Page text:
So you are thinking about a teen tour next summer: it sounds fun, you might see some amazing places, make new friends, try new foods, but will you actually learn anything? Of course the answer depends.
When I was a high school student I traveled on some pretty standard “educational” teen tours. In Europe, during my last high school summer before starting my senior year, I traveled on a teen travel program and visited over 12 cities in 6 countries in just under 3 weeks. The trip was a lot of fun, fast paced, and as long as you arrived curious, there was a lot to learn. You can learn something on any trip, and years later I believe this even more.
Is every teen tour automatically academic?
But the educational experience of this trip came up short. Our exclusive meeting with a parliament member in London was a massive lecture with multiple tour groups coming together in matching polo shirts. Learning about french food meant taking my 5 euro lunch allowance to the crepe shop on the corner one day. At the end of this teen tour, I knew I had learned lots of little things, but I didn’t come back with the big ah-ha moment, the connections, the cultural competency, or even the ideas that define how I travel today.
The real shame was that the learning was separate from the ‘fun’. We had a chance to go kayaking on a river in the British countryside–that was a highlight, but perhaps the moment of the trip I learned the least . The next day we had our meeting with a British politician. We sat in a big stuffy room and could barely hear the man who was speaking so generally and without passion–that half the room was asleep.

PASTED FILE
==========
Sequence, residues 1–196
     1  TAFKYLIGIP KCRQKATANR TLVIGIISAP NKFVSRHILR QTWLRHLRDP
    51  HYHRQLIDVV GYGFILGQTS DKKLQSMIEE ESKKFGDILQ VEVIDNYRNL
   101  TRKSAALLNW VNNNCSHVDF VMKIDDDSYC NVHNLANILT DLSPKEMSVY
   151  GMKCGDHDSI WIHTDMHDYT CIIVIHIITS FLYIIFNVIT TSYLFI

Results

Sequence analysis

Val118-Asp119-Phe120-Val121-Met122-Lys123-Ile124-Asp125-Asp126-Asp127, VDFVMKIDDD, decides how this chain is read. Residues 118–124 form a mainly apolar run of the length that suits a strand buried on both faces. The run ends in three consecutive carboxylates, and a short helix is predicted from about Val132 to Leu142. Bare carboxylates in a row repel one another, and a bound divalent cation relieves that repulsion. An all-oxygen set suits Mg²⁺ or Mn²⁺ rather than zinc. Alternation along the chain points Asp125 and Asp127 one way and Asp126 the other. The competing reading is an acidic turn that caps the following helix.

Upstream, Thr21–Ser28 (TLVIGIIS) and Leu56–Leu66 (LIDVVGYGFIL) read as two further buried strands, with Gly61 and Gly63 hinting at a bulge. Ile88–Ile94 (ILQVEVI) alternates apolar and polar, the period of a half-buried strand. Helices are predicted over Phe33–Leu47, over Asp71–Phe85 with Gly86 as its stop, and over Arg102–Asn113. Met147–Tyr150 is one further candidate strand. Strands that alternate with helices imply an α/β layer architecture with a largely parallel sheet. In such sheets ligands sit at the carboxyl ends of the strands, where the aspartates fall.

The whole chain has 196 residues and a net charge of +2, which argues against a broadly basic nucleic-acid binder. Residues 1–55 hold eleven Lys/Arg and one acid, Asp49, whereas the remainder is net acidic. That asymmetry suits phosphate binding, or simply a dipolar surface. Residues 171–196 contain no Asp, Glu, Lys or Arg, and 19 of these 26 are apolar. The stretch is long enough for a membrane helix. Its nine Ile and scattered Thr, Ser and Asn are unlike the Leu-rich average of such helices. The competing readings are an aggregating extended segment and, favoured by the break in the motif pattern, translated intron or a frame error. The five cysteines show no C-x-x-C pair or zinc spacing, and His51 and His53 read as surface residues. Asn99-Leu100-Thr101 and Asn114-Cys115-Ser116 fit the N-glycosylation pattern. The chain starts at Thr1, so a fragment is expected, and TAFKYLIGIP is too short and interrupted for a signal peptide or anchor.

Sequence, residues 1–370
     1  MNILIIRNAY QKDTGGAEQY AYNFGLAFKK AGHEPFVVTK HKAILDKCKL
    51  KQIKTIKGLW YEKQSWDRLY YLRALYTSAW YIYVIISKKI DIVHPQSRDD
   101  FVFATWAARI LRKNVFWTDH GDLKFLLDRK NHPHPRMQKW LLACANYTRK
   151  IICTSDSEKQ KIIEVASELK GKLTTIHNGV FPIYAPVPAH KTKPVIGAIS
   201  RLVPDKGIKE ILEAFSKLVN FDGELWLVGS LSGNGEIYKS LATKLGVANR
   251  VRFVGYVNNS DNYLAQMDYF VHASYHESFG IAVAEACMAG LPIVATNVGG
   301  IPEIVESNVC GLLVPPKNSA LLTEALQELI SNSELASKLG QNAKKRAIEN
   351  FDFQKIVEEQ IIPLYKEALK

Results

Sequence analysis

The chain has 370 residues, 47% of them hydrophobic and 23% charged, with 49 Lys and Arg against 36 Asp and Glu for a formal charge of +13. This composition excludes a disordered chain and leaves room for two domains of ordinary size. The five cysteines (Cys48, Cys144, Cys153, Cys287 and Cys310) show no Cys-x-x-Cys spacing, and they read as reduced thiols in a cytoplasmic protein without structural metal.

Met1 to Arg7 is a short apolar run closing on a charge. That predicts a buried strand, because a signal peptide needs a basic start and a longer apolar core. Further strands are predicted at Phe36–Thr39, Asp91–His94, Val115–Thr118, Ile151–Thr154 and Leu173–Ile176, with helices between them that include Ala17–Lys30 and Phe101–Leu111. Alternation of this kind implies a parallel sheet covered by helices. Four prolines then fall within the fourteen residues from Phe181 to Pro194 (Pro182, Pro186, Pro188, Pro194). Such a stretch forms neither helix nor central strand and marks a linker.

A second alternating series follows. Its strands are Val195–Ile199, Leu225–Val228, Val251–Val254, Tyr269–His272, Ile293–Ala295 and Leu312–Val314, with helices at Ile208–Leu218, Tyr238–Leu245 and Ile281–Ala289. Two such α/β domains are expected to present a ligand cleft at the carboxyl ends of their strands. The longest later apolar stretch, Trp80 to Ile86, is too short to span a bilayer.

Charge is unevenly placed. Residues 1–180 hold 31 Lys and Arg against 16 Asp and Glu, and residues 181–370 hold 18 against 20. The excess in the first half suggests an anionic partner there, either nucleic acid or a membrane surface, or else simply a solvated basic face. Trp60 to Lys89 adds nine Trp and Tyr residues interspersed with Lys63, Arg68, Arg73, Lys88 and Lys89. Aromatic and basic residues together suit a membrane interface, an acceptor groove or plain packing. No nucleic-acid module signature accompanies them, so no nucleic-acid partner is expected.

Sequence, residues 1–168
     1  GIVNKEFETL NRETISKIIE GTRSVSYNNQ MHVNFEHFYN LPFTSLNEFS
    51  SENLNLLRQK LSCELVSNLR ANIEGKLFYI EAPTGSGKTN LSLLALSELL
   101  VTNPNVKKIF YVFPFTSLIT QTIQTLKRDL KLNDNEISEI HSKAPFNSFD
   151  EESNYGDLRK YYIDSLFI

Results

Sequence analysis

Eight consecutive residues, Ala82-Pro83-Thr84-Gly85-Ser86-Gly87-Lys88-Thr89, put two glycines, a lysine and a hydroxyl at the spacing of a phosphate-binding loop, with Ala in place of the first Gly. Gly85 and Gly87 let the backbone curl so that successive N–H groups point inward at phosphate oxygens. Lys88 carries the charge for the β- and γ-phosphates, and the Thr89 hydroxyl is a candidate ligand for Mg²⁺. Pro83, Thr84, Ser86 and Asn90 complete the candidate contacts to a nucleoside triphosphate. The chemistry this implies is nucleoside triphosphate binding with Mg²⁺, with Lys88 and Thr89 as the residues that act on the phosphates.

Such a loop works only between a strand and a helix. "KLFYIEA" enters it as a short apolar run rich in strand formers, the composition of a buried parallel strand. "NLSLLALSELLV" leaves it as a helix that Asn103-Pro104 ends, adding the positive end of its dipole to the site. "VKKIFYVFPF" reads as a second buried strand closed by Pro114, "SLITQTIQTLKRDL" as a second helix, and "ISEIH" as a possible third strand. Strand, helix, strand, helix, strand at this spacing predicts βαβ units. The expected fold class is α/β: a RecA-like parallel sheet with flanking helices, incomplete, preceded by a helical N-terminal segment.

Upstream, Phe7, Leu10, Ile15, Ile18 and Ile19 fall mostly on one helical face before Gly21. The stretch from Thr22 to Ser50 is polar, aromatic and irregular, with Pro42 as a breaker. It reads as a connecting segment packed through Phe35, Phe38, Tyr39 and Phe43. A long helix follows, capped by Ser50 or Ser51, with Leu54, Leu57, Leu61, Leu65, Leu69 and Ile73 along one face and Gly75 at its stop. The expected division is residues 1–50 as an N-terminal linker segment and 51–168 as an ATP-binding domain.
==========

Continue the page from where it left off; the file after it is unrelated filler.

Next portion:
When we started Atlas Workshops this experience was in the back of our minds, but we were also inspired by years of travelling with a different approach. In college and grad school I joined a number of travel programs ranging from a collaborative project in Northern Haiti to an urban design practicum in Istanbul. When I started my design research organization, I began travelling in order to answer complex questions and develop new ideas. From researching taco stands in Mexico to testing video games in India, I learned more in a weeklong trip that in many of my semester long classes.
What type of teen tour do you want?
There are lots of different types of learning possible on a teen tour. From language and outdoor skills to cultural competency and field research. Our suggestion is to really think about the type of experience you want and then ask every program you are considering questions about the educational format and outcomes of their trips and tours. Ask who will be teaching an/or leading the program? What type of students sign up? What’s the balance of activities and what’s the typical day like?
Our Global Innovators Trips are driven by our project and educational outcomes. These trips are a great alternative to the typical teen tour. We aim to balance a lot of different priorities on a trip while constantly challenging our students to think creatively and critically about the world. Our trips aren’t like any other teen tour, in that the learning experience is very intentional and blended throughout the program. On the other hand, while our trips and projects can be deep, the travel skills and experience are still a huge chunk of the experience. This means that these trips are totally different from a classroom based academic program or other project based summer opportunities.
ANy questions about our teen tour alternatives: we want to chat with you!